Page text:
P.C. Balakrishna Menon, J.
1. Crl. R. P. No. 166 of 1981 is by the B party in M, C. No. 14/81 on the file of the Sub-Divisional Magistrate Perinthalmanna. The revision is against a composite order dated 4-4-1981 under Sees. 145 (1) and 146 (1) of the Criminal P. C. 1973, as per which the Magistrate has stated that for the reason of credible information laid by the Circle inspector of Police, Malapuram through the Deputy Superintendent of Police Tirur, that there exists serious likelihood of breach of peace concerning the property in R. S. No. 196/lA of Cherukevu amsom and Village he is satisfied that there are sufficient grounds for taking proceedings. The A and B parties were directed to attend the Court of the Sub-Divisional Magistrate at 11 A. M. on 9-4-1981 either in person or by pleader and put in written statements and documents in respect of their claims to prove actual possession of the subject of dispute and also to adduce evidence if any that the parties want to rely upon in support of their claims. The third paragraph of the order reads as follows:-
3....I am satisfied that there is serious tension concerning the possession of the above said property and also this being a case of emergency I further order the attachment of the property Under Section 146(1) Cr. p. C. pending decision. The village Officer Cherukevu will be in charge of the attached property.
It is the latter part of the order that is challenged in this revision.
2. On admission of the revision-petition, this part of the order had been stayed by this Court in Crl. M. P. No. 378 of 1981 and the attachment has not taken effect until this date.
3. The only question is whether a composite order of the nature passed by the Magistrate incorporating a preliminary order Under Section 145(1) and an order of attachment Under Section 146(1) Crl. P. C. can be sustained in law.
4. Section 146(1) of the Crl. P. C. empowers the Magistrate to attach the subject of dispute until a competent court ha$ determined the rights of parties with regard to the person entitled to possession of the property. Section 146(1) is extracted below:
146. - power to attach subject of dispute and to appoint receiver.-
(1) If the Magistrate at any time after making the order under Sub-section (1) of Section 145 considers the case t0 be one of emergency, or if he decides that none of the parties was then in such possession as is referred to in Section 145, or if he is unable to satisfy himself as to which of them was then in such possession of the subject of dispute, he may attach the subject of dispute until a competent court has determined the rights of the parties thereto with regard to the person entitled to the possession thereof;Provided that such Magistrate may withdraw the attachment at any time if he is satisfied that there is no longer any likelihood of breach of the peace with regard to the subject of dispute.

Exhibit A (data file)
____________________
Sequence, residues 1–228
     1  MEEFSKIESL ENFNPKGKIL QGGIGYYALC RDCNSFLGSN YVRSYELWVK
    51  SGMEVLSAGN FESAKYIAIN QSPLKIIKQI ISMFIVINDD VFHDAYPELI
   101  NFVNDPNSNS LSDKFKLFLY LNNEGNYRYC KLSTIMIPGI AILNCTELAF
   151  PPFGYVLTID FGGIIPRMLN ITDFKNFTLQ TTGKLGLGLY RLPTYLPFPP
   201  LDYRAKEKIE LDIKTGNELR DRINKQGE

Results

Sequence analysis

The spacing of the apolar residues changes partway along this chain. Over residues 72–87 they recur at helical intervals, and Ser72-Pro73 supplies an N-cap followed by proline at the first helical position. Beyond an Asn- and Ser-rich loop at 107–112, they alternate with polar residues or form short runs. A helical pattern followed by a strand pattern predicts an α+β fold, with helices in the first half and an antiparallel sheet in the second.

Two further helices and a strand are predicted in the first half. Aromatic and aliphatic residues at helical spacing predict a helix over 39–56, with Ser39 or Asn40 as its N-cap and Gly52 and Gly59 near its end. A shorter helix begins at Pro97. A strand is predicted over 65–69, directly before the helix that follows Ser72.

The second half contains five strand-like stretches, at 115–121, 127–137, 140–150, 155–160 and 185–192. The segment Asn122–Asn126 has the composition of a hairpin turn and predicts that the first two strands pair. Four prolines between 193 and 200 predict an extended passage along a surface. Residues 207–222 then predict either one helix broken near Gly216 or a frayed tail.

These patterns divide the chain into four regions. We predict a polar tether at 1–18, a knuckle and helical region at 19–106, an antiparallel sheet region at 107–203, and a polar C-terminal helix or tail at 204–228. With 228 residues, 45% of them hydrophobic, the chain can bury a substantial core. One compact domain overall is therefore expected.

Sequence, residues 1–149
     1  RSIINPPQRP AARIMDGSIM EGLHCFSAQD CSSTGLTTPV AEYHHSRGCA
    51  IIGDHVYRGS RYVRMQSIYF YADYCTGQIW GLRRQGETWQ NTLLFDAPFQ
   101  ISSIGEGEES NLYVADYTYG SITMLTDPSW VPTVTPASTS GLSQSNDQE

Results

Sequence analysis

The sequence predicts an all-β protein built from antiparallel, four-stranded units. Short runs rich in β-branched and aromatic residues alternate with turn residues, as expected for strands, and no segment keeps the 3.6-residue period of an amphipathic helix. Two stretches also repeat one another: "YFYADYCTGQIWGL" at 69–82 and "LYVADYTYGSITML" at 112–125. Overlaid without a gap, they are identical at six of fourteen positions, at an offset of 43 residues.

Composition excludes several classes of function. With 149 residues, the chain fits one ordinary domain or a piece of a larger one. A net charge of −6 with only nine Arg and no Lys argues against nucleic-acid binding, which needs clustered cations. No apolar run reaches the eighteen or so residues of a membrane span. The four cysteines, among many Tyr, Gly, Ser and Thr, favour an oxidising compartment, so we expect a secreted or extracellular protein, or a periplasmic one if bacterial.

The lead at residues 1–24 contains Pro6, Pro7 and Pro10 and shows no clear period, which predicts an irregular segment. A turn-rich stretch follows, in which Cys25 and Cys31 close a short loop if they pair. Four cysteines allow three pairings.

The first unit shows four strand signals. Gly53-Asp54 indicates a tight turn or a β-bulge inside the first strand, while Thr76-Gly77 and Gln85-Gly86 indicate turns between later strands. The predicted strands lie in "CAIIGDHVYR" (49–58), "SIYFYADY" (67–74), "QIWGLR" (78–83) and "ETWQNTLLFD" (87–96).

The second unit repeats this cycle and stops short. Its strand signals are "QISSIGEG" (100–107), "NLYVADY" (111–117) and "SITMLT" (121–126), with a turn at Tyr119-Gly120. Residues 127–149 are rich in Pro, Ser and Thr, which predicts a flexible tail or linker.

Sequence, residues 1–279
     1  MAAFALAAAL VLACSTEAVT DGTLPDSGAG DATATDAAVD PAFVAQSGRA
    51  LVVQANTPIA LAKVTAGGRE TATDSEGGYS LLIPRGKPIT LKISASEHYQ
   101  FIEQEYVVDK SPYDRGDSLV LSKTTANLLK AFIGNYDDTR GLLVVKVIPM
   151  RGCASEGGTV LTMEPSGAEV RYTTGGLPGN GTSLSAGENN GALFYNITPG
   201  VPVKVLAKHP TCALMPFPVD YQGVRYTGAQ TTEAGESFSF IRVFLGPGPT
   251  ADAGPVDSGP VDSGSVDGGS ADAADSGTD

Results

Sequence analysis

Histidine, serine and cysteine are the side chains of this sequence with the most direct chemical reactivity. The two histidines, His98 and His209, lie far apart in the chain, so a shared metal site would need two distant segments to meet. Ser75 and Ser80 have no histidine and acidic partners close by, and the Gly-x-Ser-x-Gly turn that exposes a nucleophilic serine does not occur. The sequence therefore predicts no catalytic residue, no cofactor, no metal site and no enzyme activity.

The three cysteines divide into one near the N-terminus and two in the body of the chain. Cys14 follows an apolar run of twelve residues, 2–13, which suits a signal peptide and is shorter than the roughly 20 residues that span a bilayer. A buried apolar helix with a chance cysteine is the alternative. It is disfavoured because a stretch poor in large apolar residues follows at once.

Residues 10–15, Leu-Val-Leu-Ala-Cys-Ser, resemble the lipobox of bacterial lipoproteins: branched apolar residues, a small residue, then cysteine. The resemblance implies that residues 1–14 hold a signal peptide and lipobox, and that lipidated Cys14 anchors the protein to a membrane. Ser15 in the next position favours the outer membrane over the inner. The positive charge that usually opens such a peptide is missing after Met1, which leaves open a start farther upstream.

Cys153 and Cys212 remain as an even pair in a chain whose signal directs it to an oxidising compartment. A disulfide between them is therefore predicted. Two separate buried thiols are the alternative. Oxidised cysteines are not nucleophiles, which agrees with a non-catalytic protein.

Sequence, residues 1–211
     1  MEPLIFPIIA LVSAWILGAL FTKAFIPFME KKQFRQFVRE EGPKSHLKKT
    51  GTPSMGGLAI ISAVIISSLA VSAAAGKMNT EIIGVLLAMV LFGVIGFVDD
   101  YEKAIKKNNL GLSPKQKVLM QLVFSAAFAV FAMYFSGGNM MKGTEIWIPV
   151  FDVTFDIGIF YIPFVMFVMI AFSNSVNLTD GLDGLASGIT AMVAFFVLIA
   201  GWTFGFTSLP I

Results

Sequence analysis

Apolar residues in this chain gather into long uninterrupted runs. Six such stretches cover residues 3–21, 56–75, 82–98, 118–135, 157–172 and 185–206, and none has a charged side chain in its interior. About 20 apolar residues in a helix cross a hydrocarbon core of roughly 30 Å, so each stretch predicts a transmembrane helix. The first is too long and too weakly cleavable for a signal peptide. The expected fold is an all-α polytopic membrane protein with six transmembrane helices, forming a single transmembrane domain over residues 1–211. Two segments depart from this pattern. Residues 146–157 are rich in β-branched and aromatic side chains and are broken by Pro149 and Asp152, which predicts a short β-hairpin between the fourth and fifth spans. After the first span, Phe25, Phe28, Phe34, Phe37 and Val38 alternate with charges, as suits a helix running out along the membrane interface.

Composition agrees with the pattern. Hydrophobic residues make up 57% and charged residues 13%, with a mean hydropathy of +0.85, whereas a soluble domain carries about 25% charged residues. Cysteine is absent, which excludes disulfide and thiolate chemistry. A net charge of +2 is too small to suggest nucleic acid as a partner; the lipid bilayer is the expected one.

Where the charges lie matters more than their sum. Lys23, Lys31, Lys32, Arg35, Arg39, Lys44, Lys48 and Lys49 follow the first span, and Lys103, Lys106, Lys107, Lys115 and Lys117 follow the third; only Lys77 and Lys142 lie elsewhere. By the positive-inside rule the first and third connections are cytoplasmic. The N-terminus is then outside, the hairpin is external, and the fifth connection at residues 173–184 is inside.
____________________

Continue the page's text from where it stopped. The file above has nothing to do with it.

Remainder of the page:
Only on satisfaction of any one of the three conditions mentioned in the Section and after a preliminary order under Sub-section (1) of Section 145 has been made, can the Magistrate pass an order of attachment under Sub-section (1) of Section 146.
5. Janaki Amma J. in Lilly Franklin v. Wilson 1977 Ker LT 871 stated in paragraph 9 as follows:
9. The learned Additional Sessions Judge has held that in the instant case, the order of attachment does not conform to the requirements of Section 146(1) of the Code of Criminal Procedure, The conclusion seems to be well-founded, The order of the Magistrate extracted above shows that it is a composite order initiating proceedings Under Section 145(1) and at the same time attaching the subject of dispute on the ground that there is an emergency. In other words, the initiation of proceedings Under Section 145(1) and the attachment of property are seen effected by the same order. This is not warranted by the provisions of Section 146(1), Section 146(1) begins with the words:
If the Magistrate at any time after making the order in Sub-section (1) of Section 145....The expression 'after making the order' makes it clear that proceedings Under Section 145(1) should precede the order attaching the property. Section 146(1) does not contemplate a simultaneous exercise of jurisdiction Under Section 145(1) and Section 146(1). The order Under Section 145(1) becomes complete only when the Magistrate puts his signature therein. It is only thereafter that he is expected to consider whether it is a case of emergency requiring attachment of property, Since the order attaching property in the instant case did not satisfy the above requirements, it was rightly set aside by the Additional Sessions Judge. Now that the preliminary order Under Section 145(1) has been confirmed by the Additional Sessions Judge, it is open to the Magistrate to consider whether a case of emergency exists and whether the property should be attached and if he is so satisfied it is up to him to issue fresh order of attachment followed by appointment of receiver.